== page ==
While the Hugo controversy rages over the Internet, there is also the minor matter of a national election in Britain. Fortunately, the parties are all so boring there is no possibility of voting on anything except policy and political strategy.
I got interested by this Guardian article about political apathy among the young because it also mentioned 3 sites which try to match your policy preferences with a party. I'd already pretty much decided who I wanted to vote for, and wondered if the sites would turn up the same answer.
Vote Match has me bang to rights, with an 81% match to my party of choice, although my second choice party has a 79% match.
PositionDial forgot to ask where I was voting from and matched me with Plaid Cymru (hello Wales!) and the SNP (hello Scotland!). It's suggested 3rd and 4th choices were the same as VoteMatch's with 84% and 80% for the same two parties in the same order.
I didn't manage to get through the Vote for Policies survey. I particularly didn't appreciate being asked me to prefer whole slates of policies right from the start. When I refused to prefer any of them, it 'threatened' me that it was going to take 50 minutes to complete the survey, then tried again to get me to pick a slate.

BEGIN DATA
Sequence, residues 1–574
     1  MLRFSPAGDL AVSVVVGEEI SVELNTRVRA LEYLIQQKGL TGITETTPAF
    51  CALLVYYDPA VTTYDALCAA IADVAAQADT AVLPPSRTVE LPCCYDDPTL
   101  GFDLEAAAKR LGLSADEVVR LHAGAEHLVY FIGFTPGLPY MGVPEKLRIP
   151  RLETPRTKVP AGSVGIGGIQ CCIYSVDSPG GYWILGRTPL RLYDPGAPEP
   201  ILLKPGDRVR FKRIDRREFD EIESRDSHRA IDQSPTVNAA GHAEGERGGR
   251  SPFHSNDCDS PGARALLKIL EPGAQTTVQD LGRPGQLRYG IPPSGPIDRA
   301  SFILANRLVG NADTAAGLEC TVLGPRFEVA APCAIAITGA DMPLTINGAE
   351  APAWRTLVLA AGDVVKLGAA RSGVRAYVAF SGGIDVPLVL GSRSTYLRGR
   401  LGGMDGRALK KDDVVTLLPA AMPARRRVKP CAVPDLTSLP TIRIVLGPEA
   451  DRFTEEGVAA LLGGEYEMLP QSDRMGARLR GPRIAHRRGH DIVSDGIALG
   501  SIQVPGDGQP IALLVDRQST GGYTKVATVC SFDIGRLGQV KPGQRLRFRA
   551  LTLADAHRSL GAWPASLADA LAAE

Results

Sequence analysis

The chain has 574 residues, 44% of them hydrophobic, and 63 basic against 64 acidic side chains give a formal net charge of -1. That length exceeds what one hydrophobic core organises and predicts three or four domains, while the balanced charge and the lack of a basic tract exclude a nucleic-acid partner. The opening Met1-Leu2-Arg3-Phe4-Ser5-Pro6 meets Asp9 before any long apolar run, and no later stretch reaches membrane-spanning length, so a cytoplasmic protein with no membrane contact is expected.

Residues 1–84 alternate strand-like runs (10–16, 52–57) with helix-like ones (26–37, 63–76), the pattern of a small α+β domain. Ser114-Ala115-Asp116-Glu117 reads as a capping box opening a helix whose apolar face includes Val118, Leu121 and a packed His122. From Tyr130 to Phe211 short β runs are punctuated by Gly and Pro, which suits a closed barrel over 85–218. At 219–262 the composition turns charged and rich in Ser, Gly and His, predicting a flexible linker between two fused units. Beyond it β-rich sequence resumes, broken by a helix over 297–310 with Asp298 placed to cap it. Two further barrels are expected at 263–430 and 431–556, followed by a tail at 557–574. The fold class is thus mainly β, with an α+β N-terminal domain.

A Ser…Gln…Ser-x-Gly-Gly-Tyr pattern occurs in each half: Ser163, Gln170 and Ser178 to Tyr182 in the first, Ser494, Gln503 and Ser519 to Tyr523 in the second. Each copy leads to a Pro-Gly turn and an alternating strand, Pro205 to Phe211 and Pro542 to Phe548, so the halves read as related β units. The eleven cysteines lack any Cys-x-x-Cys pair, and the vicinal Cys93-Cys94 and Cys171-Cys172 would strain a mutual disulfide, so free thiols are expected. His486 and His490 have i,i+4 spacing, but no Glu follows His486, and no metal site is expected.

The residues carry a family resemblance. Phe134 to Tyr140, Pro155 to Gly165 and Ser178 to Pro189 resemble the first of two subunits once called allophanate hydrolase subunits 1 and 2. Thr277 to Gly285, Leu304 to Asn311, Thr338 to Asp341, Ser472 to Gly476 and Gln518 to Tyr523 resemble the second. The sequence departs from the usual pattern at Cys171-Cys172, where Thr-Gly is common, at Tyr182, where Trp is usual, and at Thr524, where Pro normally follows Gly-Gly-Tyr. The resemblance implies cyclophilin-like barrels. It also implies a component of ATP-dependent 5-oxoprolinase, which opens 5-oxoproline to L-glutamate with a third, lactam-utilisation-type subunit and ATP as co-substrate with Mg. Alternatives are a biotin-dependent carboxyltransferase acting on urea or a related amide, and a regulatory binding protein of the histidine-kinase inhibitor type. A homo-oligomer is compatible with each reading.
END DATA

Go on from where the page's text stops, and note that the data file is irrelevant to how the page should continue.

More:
After all that, I get to enter the ballot box knowing the party I picked really does represent my beliefs. Incidentally, my vote will be partly strategic. I know darn well my second choice party is going to win this seat - and as my preferences are so close, it doesn't worry me much. Trouble is, I think my second choice party needs a major kick up the backside to keep them on track with their program. I'm hoping a shift towards my first choice party will either a) give them the warning they need and/or b) build the strength of my first choice party to the point where they can take over. I really don't care which.
Now, back to the more serious matter of who should receive an award for contributions to the field of science-fiction/fantasy in the shape of a small rocket.